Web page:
As of yesterday’s post, we’re up to 67 pieces available here since the launch. My goal is 100 by the August 2017 anniversary. I’d estimate I’ve put perhaps a thousand hours into the Parlando Project since the start of 2016, all to produce less than 5 hours of audio combining surprising words with music as varied as I can compose and play. My goal is to introduce you to old work you thought you knew, new work that you will be happy to know, and to use the combination of music and words to create something uniquely powerful.

As we celebrate National Poetry Month I’m setting an April goal to have the most active month here in terms of the number of posts, of new audio pieces to stream, and of numbers of downloads. The audience grew substantially in March as folks are discovering us in various ways. If you’ve found something of value here, you can help us out by linking to your favorite piece on your blog, on Facebook, or on Twitter this month.

The Spring 2017 Top 10

Since this is National Poetry Month in the US I’m hoping that I can exceed the usual 7 to 8 posts a month pace I’ve kept up here since the Parlando project began last August. The next audio piece should be up this weekend. For those who haven’t read the early posts here about what the Parlando project is, I usually summarize it as:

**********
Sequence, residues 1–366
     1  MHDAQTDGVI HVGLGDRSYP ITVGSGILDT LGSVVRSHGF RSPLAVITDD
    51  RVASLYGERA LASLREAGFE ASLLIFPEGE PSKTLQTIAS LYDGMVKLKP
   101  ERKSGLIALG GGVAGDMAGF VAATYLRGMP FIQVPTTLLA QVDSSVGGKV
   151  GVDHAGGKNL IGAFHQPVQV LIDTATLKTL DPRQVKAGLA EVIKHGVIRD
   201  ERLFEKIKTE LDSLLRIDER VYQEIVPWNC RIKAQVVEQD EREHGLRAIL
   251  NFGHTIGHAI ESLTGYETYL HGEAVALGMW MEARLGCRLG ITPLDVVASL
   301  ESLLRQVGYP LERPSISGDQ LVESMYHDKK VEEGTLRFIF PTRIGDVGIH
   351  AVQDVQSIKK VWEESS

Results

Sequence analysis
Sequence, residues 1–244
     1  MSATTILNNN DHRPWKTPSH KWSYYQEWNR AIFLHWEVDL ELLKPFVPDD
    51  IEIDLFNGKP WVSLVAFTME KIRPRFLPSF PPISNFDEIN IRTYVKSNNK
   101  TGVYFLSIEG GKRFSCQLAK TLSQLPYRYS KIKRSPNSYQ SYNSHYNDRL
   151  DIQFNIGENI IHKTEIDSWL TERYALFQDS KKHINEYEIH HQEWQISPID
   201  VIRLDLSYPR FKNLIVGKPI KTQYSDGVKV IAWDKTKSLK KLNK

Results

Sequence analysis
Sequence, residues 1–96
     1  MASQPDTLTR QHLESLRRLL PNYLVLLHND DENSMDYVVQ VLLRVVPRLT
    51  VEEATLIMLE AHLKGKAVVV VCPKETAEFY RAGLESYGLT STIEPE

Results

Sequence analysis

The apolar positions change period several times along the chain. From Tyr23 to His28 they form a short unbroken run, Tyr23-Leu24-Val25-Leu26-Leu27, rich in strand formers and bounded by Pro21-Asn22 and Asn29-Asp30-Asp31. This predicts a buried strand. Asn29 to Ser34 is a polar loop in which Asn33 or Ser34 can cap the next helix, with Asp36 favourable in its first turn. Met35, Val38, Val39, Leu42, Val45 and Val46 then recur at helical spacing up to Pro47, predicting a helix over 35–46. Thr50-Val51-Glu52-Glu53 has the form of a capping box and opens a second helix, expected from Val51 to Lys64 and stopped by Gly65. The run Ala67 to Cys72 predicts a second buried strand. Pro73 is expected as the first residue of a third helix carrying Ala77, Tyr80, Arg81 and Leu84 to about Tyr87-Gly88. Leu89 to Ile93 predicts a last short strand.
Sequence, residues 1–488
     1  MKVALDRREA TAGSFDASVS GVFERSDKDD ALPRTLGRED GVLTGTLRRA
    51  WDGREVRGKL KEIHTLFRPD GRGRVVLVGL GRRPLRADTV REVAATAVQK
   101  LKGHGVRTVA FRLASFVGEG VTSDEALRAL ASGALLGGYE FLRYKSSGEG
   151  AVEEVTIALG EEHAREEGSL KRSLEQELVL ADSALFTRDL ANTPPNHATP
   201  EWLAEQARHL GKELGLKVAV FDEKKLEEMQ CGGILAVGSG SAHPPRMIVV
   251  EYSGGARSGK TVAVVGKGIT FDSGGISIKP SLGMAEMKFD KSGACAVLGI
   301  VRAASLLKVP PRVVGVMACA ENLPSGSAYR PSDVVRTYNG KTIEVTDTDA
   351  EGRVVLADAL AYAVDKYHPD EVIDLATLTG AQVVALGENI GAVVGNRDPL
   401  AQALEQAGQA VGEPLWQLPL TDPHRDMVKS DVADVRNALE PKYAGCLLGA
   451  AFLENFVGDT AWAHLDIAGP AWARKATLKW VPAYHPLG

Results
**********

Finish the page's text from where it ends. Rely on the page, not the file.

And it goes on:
The Parlando Project is words (mostly, but not always poetry) accompanied by music (various kinds).

The Parlando audio pieces have been downloaded by podcast subscribers since launch almost 4,000 times. Given that we are now past the halfway point, I thought it might interesting to let you know what the “Top Ten” downloads have been so far. In Casey Kasem form, we’ll count it down upwards from 10 to 1. There are links in the list if you missed one of these audio pieces and the posts about them.

10. The Spring of Dead Things. One of the 3 pieces in the top 10 where I wrote the words. That’s OK with me, but one of the Parlando Project aims is “Other People’s Stories” which leads me to feature other people’s words more often than not. There’s lots of folks reading their own poetry out there, which is good in itself—but there’s lots of people reading their own poetry, so think there’s an unmet need for reading others work.